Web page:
A patellar fracture affects the kneecap, which can be easily broken, and often occurs from a fall directly onto the knee. They are most common in people 20 to 50 years of age and affect men twice as often as women. One of three bones making up your knee joint, your kneecap serves as a shield for the joint, provides strength to extend – or straighten – the knee joint and connects the muscles in the front of your knee to your lower leg. Fractures of the kneecap are serious and can even require surgery to repair.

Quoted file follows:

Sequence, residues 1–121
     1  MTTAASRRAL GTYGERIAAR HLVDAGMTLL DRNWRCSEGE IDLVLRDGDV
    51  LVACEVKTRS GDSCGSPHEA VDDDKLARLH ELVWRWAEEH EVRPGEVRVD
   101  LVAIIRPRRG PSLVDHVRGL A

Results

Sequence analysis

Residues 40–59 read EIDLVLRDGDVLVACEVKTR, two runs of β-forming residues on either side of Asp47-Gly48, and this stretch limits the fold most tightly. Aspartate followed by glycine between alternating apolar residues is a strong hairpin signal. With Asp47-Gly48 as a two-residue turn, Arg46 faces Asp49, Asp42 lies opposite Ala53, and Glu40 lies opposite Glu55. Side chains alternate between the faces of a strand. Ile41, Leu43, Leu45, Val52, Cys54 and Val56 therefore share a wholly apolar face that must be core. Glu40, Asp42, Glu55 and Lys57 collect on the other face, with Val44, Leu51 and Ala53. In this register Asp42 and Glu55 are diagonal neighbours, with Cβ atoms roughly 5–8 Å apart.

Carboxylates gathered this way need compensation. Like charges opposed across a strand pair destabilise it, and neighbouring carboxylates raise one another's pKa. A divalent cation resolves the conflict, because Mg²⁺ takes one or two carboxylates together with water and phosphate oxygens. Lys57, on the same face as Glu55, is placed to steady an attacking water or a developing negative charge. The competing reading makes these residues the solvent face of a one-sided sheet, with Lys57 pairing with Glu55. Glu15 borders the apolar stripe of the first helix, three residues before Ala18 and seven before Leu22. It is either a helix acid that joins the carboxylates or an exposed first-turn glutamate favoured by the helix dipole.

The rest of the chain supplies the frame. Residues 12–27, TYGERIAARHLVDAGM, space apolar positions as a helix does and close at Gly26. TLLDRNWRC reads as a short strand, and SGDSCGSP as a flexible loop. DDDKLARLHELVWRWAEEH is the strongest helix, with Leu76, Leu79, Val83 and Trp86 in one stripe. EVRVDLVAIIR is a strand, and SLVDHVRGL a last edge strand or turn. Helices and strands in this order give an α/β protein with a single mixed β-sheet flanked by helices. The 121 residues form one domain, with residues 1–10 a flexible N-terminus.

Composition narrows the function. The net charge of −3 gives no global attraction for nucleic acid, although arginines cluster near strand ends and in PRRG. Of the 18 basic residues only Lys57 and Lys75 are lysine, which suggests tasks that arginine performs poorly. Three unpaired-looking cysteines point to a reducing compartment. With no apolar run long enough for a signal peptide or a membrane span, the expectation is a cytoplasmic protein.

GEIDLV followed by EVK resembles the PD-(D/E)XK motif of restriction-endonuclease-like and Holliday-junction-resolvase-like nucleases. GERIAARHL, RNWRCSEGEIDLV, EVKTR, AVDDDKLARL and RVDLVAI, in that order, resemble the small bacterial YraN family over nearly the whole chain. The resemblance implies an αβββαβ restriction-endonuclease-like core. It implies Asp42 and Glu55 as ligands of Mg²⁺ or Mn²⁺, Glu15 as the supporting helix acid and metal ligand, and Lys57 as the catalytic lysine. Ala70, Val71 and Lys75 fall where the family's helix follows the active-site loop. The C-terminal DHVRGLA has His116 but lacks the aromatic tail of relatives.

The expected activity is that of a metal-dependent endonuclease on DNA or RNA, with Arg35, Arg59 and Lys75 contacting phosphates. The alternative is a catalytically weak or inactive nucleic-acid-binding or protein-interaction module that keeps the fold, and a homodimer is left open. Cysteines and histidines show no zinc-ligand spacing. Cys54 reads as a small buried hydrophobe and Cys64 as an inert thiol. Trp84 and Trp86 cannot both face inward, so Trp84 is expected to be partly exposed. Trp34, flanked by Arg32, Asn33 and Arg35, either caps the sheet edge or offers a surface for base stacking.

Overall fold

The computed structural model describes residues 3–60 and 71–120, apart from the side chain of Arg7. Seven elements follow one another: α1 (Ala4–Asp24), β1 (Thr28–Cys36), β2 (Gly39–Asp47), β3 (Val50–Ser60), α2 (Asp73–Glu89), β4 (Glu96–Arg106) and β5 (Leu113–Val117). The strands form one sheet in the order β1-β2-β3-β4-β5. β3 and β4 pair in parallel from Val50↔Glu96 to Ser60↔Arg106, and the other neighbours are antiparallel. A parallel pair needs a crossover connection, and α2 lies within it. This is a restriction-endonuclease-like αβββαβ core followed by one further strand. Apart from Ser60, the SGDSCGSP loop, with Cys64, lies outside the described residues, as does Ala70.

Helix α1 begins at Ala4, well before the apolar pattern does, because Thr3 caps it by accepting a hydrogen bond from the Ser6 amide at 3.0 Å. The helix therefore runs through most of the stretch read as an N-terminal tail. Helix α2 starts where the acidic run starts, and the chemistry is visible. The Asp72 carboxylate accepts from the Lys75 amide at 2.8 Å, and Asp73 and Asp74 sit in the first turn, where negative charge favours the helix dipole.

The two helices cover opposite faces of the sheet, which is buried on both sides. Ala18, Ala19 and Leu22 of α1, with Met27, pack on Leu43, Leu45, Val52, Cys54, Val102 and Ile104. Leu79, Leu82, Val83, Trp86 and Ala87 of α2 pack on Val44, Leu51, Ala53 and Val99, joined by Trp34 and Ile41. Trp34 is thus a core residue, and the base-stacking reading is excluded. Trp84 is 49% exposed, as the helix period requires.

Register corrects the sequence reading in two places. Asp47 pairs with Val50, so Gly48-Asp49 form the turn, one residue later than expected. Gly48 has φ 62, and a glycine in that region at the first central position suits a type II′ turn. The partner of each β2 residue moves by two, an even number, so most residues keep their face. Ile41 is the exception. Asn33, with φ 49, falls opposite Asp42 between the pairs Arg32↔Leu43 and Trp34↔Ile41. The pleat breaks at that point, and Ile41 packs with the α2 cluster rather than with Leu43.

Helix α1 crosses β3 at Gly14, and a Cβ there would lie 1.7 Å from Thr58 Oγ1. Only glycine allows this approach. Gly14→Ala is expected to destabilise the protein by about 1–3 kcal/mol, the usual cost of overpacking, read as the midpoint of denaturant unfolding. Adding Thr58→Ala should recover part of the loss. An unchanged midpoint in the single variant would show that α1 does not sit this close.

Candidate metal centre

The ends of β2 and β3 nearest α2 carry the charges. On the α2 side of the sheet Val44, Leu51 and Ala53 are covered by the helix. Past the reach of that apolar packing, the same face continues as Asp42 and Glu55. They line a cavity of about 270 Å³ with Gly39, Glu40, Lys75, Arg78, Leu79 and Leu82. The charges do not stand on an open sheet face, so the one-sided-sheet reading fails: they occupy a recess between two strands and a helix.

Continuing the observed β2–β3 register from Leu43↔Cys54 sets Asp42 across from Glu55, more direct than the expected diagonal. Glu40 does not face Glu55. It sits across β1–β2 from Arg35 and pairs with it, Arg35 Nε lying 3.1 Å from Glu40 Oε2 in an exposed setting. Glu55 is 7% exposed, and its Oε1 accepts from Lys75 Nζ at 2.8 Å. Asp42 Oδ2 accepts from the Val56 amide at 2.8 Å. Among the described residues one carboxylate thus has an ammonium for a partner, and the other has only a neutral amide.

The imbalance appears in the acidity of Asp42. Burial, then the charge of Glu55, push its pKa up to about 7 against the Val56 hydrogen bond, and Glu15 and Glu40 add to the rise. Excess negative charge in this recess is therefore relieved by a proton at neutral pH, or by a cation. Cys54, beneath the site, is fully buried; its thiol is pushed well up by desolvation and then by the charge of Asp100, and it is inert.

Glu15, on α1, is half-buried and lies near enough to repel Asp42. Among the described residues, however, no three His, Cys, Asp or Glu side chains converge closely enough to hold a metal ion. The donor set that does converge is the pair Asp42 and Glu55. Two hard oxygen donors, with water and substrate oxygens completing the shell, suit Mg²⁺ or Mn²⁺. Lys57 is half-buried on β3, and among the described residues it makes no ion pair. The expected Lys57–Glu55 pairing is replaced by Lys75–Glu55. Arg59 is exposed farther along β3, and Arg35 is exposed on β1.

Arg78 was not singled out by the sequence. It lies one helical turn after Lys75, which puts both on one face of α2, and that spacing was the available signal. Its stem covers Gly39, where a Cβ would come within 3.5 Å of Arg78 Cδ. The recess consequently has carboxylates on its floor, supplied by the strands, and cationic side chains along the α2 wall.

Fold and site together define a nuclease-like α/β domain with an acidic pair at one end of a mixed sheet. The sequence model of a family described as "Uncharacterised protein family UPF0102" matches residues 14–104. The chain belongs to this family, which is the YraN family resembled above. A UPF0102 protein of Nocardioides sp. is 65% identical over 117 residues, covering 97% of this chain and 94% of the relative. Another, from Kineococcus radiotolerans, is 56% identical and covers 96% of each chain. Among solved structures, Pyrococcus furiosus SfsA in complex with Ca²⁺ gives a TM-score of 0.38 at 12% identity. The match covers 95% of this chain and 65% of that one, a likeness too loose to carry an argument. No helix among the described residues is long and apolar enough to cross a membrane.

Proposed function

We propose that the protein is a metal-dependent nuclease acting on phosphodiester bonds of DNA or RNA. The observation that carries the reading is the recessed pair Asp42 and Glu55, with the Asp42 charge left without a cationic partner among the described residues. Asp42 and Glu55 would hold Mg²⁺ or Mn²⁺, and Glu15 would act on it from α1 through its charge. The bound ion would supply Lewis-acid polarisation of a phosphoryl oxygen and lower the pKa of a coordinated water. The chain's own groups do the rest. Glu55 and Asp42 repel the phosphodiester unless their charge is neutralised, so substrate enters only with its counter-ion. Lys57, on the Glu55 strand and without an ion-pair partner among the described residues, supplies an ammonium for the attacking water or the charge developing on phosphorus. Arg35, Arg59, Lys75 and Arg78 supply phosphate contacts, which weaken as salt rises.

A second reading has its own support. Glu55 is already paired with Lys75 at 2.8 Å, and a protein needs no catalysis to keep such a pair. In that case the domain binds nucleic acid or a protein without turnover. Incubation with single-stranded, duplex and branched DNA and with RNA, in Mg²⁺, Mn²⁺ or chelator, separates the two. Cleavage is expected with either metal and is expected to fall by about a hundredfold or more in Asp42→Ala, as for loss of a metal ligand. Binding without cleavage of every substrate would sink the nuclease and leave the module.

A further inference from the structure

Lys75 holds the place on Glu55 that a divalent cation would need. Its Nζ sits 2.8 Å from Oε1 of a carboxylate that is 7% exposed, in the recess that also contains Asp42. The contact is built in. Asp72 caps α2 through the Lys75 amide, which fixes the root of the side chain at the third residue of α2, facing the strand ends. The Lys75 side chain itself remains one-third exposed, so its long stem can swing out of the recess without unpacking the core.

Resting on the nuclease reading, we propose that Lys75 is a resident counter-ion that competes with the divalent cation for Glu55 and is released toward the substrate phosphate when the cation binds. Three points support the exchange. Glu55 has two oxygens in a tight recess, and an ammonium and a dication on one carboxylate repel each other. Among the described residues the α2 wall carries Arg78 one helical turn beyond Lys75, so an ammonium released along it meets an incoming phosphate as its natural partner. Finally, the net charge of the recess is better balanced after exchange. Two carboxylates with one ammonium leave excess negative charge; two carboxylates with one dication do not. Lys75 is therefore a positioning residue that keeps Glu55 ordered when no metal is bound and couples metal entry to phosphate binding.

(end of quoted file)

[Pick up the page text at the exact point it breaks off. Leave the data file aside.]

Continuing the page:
Over time, they may cause arthritis of the knee and chronic knee pain. Although some people walk comfortably after a patellar fracture, others can struggle with daily activity. In fact, even those who are walking can have difficulty with other forms of movement. That is because a kneecap fracture can result in problems with knee extension, resulting in a loss of movement. Patellar fractures can range from a single “crack” in the kneecap to numerous breaks. A fracture where the pieces of the patella have not been displaced by the injury may not require surgery. Casts or splints are usually used to keep the knee straight and the ends of the bones in proper position while they heal. For six to eight weeks or longer, you will not be able to put any weight on your leg until the bone is completely healed. Most people use crutches during this period. A knee brace may be recommended. Whether or not you have surgery, rehabilitation plays an important role in getting you back to your daily activities. Keeping your knee immobilized in a cast or splint can result in stiffness. We will work to help you regain strength and movement, allowing you to continuously improve your range of motion. Because immobilization can also weaken the muscles in the front of your thigh, exercises are critical to recovery. Our plan will also include exercises for long-term maintenance of quadriceps strength, as well as hip muscles. By six to 12 weeks, we will organize an activity plan to have you walking better and participating in other forms of exercise. Activities might include pool running and exercises in water. With regular physical therapy, you can reduce pain and continue to stay active after a patellar fracture.